This study will recruit up to 250 study participants with Alcohol Use Disorder (AUD) who are not seeking treatment for AUD. Individuals will complete an initial phone screen to assess inclusion/exclusion criteria that can be determined over the phone, and eligible participants will subsequently be scheduled for an in-person screening session. After giving informed consent, participants will complete a medical screening and psychiatric assessment, and biological samples (blood and urine) will be collected. Participants who remain eligible after this screening session will be randomly assigned to take one of two doses of brexpiprazole (2 milligram (mg) or 4 mg per day) or matched placebo for 14 days. Both investigators and participants will be blind to medication group assignments. After the in-person screening session, there are five study visits. 1) Day 1 of study medication: participants will complete a one-hour-long functional magnetic resonance imaging (fMRI) brain scan and take the first dose of study medication. 2) Day 7: participants will return to the lab for a brief check-in at which medication side effects will be assessed. 3) Day 13: blood and urine samples will be collected again; participants will take that day's dose of medication in the lab and then complete another one-hour-long fMRI brain scan. 4) Day 14: participants will take the last dose of medication in the lab and then complete a day-long procedure in which alcohol will be administered. 5) Day 15: participants will be debriefed and compensated $600 for study participation.

Condition Alcohol Dependence, Alcohol Use Disorders, Alcohol Use Disorder, Alcohol abuse
Treatment Placebo, Brexpiprazole
Clinical Study IdentifierNCT04066192
SponsorUniversity of Colorado, Denver
Last Modified on4 October 2022


Yes No Not Sure

Inclusion Criteria

Ages 21-65
Meet DSM-5 (Diagnostic and Statistical Manual of Mental Disorders, 5th edition) diagnostic criteria for AUD, as assessed by the Structured Clinical Interview for DSM-5 (SCID-5)
Currently not engaged in, and does not want treatment for, AUD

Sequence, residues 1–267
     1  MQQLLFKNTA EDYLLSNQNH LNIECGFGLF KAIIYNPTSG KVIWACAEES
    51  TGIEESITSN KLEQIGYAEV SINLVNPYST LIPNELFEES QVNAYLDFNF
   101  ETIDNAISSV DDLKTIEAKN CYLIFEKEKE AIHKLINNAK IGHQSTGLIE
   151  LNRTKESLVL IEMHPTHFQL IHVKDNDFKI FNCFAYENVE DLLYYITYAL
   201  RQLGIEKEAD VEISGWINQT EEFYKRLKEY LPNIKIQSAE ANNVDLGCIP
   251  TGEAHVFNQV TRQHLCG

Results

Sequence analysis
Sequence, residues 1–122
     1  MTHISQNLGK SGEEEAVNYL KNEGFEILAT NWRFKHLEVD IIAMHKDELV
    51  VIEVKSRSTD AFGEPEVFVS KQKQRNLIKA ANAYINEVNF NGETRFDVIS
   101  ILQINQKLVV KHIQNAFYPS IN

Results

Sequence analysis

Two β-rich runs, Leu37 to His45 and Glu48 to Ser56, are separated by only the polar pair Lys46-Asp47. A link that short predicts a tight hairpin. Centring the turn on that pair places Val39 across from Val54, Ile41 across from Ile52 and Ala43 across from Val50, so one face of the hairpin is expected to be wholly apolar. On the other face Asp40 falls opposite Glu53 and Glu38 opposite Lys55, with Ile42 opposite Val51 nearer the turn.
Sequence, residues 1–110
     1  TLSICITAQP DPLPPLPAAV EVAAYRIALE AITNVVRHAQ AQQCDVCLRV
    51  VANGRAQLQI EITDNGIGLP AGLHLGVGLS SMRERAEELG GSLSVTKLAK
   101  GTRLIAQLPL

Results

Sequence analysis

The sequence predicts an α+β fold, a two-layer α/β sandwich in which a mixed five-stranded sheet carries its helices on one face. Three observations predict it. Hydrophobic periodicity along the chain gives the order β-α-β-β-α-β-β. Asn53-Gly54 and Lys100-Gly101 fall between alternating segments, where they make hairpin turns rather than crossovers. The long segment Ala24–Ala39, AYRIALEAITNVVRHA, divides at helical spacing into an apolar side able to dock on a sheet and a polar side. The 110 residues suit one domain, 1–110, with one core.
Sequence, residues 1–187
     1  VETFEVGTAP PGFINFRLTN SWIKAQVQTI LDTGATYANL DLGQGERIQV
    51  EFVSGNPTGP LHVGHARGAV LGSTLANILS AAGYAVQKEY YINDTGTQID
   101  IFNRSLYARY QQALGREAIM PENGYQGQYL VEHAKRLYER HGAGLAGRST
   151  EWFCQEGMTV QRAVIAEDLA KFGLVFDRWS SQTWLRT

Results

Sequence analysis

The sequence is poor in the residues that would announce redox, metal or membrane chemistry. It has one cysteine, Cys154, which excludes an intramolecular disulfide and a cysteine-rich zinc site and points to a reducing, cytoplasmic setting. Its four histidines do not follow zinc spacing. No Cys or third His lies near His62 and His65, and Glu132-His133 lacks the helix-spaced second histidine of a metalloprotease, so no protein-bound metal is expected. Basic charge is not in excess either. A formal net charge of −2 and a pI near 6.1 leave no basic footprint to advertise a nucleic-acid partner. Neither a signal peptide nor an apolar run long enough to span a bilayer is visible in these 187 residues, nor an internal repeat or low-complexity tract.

Currently not taking any medication for AUD
Able to read and understand questionnaires and informed consent
Lives within 50 miles of the study site
Physically healthy with no history of significant medical illness
Negative urine drug screen (UDS) for all substances of abuse prior to taking the first dose of medication
Please contact clinical site for additional inclusion criteria

Exclusion Criteria

Refusal of valid written consent
Insufficient English skills for consenting or interviews
Severe claustrophobia or morbid obesity that preclude placement in the MRI scanner
Contraindications to MRI scanning, ferrous metal in the body including intracranial, intraorbital, or intraspinal metal, pacemakers, cochlear implants or other non-MRI-compatible devices
History of head injury with loss of consciousness for more than 2 minutes, neurological illness, or history of neurosurgical procedures
Current DSM-5 diagnosis of any other substance use disorder except Nicotine Use Disorder
Current DSM-5 psychotic, mood, anxiety, obsessive-compulsive, trauma-related, or eating disorder, as assessed by SCID-5
Current suicidal ideation or homicidal ideation
Current use of any psychoactive medication, as evidenced by self-report and UDS
History of severe alcohol withdrawal (e.g., seizure, delirium tremens), as evidenced by self-report and assessment with Clinical Institute Withdrawal Assessment for Alcohol-Revised (CIWA-Ar)
Clinically significant medical problems such as cardiovascular, renal, gastrointestinal, or endocrine problems, as evidenced by medical history and physical exam
Past alcohol-related medical illness, such as gastrointestinal bleeding, pancreatitis, or peptic ulcer
Current or past hepatocellular disease, as indicated by verbal report or elevations of alanine aminotransferase (ALT) or aspartate aminotransferase (AST) greater than 3 times the upper limit of the normal range at screening
Females of childbearing potential who are pregnant (by plasma or urine HCG), nursing, or who are not using a reliable form of contraception
Current charges pending for a violent crime (not including DUI-related offenses)
Currently incarcerated
Lack of a stable living situation
History of head injury with loss of consciousness for more than 2 minutes, neurological illness, or history of neurosurgical procedures
Decisionally challenged